eminent domain - or the threat to use it - by city redevelopment agencies
to assemble land for hotels, auto malls, big box retailers and other projects.
Although California law says that redevelopment powers can be
invoked only to combat "blight", local officials have been quite creative
in their application of the term. And when the Supreme Court declared that "there is no basis for exempting economic development from our
traditionally broad understanding of public purposes," it seemingly validated those aggressive redevelopment efforts.5
Re-read the "purpose" for instituting eminent domain: "for hotels, auto
malls, big box retailers and other projects." What do you call these?
Don't we ordinarily refer to them as "private enterprise"? Those few
words in the Columnist's Dan Walters warning article points up the problem: the difference between "public" and
What is now the process by which property is being taken as "defined" by
the supreme court? Condemnation! - A process that means there is something
seriously wrong with the property which gives civil servants the "right"
to take property from one owner and give it to another individual, company or corporation for a different "purpose"!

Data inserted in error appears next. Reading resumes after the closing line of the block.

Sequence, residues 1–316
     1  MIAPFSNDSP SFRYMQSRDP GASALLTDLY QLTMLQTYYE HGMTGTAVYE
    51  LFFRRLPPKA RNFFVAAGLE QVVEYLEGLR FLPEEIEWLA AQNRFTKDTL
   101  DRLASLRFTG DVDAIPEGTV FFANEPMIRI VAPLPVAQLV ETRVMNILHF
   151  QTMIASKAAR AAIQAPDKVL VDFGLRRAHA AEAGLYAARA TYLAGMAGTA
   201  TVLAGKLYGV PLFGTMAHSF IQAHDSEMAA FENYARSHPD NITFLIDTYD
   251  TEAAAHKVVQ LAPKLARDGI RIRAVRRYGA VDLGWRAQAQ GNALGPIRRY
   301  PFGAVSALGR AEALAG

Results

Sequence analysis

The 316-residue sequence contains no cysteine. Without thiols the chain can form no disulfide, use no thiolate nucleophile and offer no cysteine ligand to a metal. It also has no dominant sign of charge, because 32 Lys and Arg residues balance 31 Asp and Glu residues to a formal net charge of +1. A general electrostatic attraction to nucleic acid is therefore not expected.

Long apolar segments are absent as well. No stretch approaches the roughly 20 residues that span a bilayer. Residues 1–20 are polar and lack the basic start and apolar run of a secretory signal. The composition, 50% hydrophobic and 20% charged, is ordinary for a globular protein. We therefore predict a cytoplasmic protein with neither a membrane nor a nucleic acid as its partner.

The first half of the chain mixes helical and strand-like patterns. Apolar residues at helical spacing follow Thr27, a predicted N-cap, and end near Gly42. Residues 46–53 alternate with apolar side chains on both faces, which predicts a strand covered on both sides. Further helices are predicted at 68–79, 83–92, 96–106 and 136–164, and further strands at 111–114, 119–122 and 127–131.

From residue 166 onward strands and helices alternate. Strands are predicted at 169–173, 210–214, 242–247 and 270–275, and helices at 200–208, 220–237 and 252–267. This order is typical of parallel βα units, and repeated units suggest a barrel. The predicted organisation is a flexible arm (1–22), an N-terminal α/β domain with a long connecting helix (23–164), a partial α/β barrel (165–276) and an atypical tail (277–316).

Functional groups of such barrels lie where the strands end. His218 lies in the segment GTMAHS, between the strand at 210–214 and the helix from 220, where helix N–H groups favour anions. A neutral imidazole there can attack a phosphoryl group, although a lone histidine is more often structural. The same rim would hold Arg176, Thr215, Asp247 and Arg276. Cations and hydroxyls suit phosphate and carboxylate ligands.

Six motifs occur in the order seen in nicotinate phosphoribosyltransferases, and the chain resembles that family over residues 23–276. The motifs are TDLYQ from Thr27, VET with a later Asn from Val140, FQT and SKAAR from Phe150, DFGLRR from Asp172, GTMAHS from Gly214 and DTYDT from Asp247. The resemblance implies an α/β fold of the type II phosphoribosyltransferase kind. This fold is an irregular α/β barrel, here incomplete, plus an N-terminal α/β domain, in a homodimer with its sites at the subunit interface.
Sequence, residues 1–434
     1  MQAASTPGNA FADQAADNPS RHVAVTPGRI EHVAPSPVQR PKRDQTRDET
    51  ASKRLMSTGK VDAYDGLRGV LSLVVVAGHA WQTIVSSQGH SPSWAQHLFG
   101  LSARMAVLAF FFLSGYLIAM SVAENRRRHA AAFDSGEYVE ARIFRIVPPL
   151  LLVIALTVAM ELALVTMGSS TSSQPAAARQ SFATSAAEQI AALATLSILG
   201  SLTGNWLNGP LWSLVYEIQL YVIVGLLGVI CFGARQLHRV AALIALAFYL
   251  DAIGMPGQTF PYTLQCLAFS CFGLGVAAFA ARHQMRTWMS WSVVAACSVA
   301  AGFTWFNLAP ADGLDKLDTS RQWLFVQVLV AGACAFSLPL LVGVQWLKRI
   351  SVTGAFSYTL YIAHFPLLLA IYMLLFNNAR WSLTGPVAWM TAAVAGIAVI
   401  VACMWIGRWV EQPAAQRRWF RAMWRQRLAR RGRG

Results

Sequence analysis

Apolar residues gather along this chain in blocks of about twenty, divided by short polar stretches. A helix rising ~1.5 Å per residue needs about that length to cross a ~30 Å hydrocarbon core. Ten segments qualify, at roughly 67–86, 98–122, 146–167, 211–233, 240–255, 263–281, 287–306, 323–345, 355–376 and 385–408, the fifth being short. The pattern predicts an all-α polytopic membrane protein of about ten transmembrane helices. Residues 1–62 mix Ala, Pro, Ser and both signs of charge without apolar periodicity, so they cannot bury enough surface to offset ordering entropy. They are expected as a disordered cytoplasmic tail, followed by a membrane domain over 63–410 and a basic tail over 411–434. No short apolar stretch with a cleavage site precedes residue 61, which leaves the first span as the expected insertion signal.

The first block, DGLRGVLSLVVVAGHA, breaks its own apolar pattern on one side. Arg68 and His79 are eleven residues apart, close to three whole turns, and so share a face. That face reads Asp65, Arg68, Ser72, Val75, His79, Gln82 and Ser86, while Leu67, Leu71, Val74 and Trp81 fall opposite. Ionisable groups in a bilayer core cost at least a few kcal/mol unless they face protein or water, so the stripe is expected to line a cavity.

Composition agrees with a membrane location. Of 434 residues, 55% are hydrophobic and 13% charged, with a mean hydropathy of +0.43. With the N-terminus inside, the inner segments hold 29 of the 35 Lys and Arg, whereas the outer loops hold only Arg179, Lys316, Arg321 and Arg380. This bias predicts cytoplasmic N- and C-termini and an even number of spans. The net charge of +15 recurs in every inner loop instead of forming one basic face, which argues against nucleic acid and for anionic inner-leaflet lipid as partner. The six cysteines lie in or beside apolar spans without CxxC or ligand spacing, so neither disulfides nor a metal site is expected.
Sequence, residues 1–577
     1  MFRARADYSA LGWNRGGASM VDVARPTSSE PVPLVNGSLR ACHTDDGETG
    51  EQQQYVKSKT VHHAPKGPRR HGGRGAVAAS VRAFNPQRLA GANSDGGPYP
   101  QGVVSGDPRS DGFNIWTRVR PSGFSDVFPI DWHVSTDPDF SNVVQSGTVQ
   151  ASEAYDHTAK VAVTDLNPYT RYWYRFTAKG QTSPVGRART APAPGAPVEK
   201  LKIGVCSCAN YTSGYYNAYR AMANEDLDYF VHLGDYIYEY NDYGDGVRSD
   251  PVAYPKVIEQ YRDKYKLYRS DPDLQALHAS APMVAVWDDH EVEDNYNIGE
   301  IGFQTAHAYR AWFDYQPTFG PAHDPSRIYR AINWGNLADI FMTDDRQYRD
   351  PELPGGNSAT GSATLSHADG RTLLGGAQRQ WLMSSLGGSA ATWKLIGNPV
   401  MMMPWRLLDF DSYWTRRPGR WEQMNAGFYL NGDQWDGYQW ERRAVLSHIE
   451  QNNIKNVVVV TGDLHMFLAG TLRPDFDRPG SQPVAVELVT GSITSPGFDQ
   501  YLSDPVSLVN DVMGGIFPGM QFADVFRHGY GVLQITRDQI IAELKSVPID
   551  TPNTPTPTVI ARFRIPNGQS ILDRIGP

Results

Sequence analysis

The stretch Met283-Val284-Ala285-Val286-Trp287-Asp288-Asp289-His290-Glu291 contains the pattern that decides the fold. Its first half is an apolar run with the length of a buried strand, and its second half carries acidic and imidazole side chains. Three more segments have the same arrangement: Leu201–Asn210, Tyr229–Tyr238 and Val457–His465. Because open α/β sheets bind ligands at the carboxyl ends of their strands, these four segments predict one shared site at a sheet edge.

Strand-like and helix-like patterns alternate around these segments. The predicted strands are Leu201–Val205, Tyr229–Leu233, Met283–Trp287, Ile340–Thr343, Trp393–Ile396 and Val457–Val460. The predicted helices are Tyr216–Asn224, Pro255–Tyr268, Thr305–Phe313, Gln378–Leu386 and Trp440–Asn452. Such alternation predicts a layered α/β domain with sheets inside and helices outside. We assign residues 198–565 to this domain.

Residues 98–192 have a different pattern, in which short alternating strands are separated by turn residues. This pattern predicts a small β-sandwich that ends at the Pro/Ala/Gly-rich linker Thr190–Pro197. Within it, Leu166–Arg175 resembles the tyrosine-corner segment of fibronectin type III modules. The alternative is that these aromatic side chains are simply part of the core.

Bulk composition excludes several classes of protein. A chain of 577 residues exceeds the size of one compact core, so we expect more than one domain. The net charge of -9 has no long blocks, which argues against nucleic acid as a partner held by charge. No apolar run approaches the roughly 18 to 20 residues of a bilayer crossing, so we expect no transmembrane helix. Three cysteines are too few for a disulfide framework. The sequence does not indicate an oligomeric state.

Your home could be condemned under this process, you would be given whatever was determined
a reasonable price, and the property sold and replaced "with a shopping
mall or ... a factory" or "a Motel 6 (replaced) with a Ritz-Carlton."
No one reading this thinks this is honest! No one thinks eminent domain was
meant to do this!
We have not finished, however.
What is used to carry out this process of
condemnation? Blight! Yes, blight.
If you are a gardener, you have heard of "blight."
What does that have to do with the subject at hand? (Read
Columnist Walters article again.)
Can it be used, has it been used "creatively" to take that which is not legal
or moral to take? It is being used as a ruse to obtain property.
Those claiming eminent domain condemn a piece of private property (yours?)
because of "blight", pay the going rate, redistrict it, sell it for redevelopment or to a private company, corporation, or developer for a
"public purpose"! (Whatever that means.)
But what is "blight"?
The word "blight" is used in the dictionary only of plants, so we went to the Thesaurus and found the following synonyms:
Blight, decay, dilapidation, ravages of time, wear and tear, corrosion, erosion, moldiness, rottenness, moth and rust, dry rot.
Could your house have some of this?